Evidence of possible past extraterrestrial life on Mars has emerged from the discovery of ancient mud cracks in the shape of polygons scattered across its surface.
In 2021, NASA’s Curiosity rover took pictures of unusual polygonal shapes on the slopes of Mount Sharp, a towering peak within Gale Crater. This crater is where Curiosity touched down in 2012 and has been exploring ever since. These shapes, featuring five or six sides, originated some 3.8 to 3.6 billion years ago.
At first, scientists believed these shapes were mud cracks, indicating that Mars was once significantly wetter. However, a fresh study published on August 9th in the journal Nature reevaluated these marks.
Surprisingly, the researchers found that these formations were created during wet-dry cycles, akin to Earth’s seasonal patterns. This revelation marks the first time such cycles have been identified on Mars.
“This is the first tangible evidence we’ve seen that the ancient climate of Mars had such regular, Earth-like wet-dry cycles,” remarked William Rapin, the head author of the study and a planetary scientist associated with the National Center for Scientific Research (CNRS) in France.
Rapin emphasized the significance of these wet-dry cycles, stating that they might be crucial and potentially necessary for the molecular changes that could pave the way for life to develop.
Presence of polygon mud cracks
The mud cracks were found above a layer containing clay-rich deposits, which once formed the floor of an ancient lake. Below these cracks lies a section abundant in sulfates, mineral residues left behind as water evaporates.
Initially, it seemed that these mud cracks emerged during the period when the old lake dried up. Notably, NASA reported that in 2017, the Curiosity rover stumbled upon similar T-shaped mud cracks at a site dubbed “Old Soaker,” located close to where these new cracks were found.
However, these fresh cracks exhibit signs of sulfates, indicating that they underwent multiple drying episodes during their formation. This implies that these cracks took shape during an era when the lake’s water level experienced repeated fluctuations, rising and falling.
This insight also clarifies why the current cracks have a polygonal appearance, differing from the T-shaped ones observed at Old Soaker. Over time, as these identical types of cracks formed repeatedly, they transformed into a more intricate polygonal shape, as detailed by researchers.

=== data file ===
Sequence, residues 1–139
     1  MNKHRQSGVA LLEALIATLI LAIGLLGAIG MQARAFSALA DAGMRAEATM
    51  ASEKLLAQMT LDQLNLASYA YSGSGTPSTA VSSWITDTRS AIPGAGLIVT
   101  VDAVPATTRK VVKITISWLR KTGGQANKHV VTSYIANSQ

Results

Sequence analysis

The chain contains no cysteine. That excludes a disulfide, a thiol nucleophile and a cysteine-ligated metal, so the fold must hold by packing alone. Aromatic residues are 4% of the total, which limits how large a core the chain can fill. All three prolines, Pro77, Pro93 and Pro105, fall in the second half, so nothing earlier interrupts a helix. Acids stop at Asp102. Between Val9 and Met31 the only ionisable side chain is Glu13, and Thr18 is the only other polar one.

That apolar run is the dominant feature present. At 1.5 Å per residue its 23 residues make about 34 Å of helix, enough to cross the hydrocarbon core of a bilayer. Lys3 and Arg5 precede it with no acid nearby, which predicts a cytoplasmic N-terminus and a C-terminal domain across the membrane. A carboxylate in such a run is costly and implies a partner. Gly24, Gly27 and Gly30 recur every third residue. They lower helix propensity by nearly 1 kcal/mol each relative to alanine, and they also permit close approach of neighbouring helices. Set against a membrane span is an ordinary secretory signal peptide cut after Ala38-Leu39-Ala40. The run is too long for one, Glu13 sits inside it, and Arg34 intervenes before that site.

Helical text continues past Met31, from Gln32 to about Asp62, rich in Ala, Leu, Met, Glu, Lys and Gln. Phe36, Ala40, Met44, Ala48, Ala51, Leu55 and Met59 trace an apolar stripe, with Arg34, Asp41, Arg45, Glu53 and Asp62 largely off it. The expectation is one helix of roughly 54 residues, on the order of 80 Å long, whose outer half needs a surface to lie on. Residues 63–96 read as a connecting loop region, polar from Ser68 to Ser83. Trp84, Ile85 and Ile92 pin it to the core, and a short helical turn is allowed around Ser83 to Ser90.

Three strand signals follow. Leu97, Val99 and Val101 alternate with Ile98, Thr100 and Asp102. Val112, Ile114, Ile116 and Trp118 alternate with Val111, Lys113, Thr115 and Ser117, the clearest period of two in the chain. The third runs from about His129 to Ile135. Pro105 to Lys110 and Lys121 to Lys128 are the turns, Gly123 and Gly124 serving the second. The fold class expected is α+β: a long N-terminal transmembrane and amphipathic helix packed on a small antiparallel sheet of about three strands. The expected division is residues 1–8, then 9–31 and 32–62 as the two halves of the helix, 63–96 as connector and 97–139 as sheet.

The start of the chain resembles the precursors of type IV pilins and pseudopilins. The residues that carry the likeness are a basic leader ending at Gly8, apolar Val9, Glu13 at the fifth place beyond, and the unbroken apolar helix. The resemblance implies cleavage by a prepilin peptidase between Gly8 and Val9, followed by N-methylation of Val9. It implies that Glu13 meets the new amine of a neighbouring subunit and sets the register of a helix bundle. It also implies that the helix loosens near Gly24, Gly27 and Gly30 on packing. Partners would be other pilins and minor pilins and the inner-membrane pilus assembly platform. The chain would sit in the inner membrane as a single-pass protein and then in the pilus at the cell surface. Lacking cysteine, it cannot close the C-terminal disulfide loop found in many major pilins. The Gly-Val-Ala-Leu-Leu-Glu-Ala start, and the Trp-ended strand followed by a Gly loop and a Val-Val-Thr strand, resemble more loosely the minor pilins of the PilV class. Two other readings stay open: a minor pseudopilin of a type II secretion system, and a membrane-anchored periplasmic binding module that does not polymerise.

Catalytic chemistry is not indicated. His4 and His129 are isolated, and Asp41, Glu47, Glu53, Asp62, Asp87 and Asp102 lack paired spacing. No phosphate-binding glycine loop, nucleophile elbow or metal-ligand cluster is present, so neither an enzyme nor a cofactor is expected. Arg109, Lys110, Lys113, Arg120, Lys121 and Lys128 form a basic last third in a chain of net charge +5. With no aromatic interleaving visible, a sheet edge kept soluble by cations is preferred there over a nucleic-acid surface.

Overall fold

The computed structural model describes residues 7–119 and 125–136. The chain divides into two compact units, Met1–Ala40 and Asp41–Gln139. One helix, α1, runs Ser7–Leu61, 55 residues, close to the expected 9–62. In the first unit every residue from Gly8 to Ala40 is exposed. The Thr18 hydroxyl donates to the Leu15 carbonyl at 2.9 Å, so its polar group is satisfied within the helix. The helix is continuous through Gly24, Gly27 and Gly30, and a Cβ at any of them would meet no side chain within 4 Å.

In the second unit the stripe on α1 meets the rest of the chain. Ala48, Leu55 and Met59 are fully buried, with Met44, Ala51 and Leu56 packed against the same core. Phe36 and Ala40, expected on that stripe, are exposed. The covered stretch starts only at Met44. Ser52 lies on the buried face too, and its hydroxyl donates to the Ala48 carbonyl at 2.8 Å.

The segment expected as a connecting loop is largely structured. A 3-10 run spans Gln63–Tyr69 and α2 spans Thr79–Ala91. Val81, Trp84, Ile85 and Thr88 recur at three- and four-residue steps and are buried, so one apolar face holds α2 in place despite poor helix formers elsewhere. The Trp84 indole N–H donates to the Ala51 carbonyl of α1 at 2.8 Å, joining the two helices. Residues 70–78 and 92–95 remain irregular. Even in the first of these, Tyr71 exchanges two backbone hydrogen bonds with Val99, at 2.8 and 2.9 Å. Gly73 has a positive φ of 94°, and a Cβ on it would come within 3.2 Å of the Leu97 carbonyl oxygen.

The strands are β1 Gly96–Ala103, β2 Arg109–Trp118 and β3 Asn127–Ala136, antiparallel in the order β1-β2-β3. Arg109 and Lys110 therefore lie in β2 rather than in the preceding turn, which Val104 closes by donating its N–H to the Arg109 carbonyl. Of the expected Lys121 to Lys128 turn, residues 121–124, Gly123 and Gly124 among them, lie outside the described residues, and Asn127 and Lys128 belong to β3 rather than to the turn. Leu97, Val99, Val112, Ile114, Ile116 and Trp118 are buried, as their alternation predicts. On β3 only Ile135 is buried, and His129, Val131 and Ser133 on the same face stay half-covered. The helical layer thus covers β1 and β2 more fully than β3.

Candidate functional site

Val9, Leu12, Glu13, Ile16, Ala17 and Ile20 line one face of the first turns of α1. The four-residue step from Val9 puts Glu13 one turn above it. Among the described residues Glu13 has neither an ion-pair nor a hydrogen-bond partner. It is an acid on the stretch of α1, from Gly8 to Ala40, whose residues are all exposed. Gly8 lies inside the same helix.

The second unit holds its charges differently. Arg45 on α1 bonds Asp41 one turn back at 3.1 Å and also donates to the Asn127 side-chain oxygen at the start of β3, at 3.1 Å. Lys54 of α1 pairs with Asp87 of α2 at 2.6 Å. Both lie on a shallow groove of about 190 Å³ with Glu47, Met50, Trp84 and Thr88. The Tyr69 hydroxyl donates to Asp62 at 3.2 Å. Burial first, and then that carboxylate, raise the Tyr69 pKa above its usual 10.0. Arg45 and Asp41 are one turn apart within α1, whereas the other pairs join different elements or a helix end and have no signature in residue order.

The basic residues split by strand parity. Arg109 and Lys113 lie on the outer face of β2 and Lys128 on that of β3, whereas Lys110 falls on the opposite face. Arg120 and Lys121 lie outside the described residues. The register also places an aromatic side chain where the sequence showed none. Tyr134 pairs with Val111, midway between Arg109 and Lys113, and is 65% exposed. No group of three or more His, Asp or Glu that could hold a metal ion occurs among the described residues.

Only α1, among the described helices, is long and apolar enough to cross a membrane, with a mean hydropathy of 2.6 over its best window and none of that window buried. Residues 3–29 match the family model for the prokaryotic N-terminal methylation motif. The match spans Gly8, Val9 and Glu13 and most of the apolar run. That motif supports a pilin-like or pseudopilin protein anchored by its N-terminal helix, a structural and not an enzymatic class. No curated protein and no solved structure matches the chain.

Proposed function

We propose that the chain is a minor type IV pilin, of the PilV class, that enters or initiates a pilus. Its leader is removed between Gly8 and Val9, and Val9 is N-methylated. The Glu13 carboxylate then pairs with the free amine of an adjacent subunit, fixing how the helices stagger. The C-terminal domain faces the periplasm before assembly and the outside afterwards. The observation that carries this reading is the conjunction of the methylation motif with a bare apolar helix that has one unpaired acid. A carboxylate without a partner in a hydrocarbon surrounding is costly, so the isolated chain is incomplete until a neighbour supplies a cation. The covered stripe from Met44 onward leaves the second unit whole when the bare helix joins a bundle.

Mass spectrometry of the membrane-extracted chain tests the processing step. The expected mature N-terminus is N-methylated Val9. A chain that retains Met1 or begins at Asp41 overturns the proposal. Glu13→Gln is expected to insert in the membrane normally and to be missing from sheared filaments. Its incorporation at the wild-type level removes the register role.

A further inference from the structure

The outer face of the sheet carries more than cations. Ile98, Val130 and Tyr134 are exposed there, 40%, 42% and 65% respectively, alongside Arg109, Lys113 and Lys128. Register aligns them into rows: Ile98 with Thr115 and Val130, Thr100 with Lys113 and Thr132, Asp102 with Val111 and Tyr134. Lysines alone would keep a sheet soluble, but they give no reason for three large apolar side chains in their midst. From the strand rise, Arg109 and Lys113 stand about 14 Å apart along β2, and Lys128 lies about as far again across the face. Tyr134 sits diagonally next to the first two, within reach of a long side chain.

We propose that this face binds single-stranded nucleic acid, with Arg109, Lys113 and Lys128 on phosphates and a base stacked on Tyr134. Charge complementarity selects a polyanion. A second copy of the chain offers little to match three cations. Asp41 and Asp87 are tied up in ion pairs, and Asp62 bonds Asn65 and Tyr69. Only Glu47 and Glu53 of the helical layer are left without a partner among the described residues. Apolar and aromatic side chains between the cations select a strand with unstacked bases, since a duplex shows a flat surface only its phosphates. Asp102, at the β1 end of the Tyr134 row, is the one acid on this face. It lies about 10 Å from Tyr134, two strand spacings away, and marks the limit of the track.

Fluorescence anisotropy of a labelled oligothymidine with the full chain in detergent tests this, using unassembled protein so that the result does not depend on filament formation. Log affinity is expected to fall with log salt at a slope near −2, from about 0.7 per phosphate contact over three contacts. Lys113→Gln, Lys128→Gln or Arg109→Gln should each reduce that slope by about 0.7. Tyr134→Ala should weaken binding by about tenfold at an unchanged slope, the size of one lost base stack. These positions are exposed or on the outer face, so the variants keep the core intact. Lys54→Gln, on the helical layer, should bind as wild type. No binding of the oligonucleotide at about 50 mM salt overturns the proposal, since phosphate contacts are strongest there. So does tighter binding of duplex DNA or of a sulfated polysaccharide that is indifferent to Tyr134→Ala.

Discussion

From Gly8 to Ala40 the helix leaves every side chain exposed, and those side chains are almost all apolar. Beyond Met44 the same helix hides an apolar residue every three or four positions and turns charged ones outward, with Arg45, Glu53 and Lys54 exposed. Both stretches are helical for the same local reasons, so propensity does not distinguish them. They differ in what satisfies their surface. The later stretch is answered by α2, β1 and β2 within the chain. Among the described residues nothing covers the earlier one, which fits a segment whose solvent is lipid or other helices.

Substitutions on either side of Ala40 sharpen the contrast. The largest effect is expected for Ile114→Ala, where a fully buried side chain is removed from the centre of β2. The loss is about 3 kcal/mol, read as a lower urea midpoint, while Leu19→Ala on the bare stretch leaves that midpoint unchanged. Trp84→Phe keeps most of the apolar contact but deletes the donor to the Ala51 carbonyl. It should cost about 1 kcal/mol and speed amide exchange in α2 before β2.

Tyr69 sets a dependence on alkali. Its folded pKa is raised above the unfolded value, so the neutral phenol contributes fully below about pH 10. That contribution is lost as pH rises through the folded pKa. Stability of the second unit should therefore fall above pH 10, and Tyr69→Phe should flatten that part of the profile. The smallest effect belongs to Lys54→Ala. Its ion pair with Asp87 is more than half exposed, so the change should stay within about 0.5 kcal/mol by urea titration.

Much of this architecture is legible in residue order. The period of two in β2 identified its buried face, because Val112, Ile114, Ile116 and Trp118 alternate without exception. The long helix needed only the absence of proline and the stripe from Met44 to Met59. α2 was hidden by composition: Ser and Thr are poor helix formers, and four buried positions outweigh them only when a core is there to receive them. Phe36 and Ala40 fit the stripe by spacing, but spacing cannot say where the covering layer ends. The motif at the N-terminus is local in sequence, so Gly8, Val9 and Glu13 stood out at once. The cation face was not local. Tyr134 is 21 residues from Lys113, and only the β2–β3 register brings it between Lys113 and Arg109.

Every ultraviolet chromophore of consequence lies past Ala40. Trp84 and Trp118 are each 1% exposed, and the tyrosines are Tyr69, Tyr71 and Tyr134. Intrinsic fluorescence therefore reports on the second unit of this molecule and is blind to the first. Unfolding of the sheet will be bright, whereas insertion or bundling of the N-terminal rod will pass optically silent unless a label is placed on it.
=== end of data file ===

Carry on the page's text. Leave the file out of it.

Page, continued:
Wet-dry cycles and organic compound formation
According to researchers, a comparable pattern of alternating wet and dry periods on Earth offers a plausible explanation for the initial emergence of organic compounds. These compounds consist of molecules containing carbon and other elements and are present in all living organisms.
Scientists elaborate that ever-changing environmental conditions can consistently modify the array of chemicals available. As a result, these conditions promote chemical reactions wherein polymers, or sequences of molecules, gradually evolve into organic compounds such as nucleic acids. These nucleic acids serve as the building blocks of DNA.
Mars rovers have already made discoveries of organic compounds within various types of Martian rocks. Furthermore, scientists have detected these compounds within Martian meteorites that have collided with Earth.
However, it’s important to note that natural geological processes can also generate these compounds, and asteroids can transport them. This leads to the possibility that these compounds might have arrived on Mars through asteroid impacts.
Due to these complexities, scientists face challenges in definitively connecting these compounds to potential extraterrestrial life.
Mars’ mud cracks might link to life’s genesis
The recent discovery of alternating wet and dry cycles has unveiled a natural process that holds the potential to offer an explanation not only for the formation of these organic compounds but also for how they could have played a role in “initiating the emergence of life,” as stated by Ashwin Vasavada.
Frozen water on the surface of Mars splits the ground open into polygons, creating a mystical pattern in this image released by NASA on June 26 2022. NASA/JPL-Caltech/University of Arizona pic.twitter.com/GIfA2i6BqJ
— The Redheaded libertarian (@TRHLofficial) June 23, 2023
Vasavada, a scientist associated with NASA’s Jet Propulsion Laboratory in California and the Mars Science Laboratory, provided this insight in a statement. It’s worth noting that he was not directly involved in the study. This isn’t the first instance of observing peculiar polygonal shapes on the surface of Mars.
In March 2022, NASA’s Mars Reconnaissance Orbiter captured images of significantly larger polygons outlined in white. These perplexing formations were photographed from an aerial perspective.
The root cause behind these shapes was the presence of concealed reservoirs of ice that came into contact with the Martian surface, leading to their creation.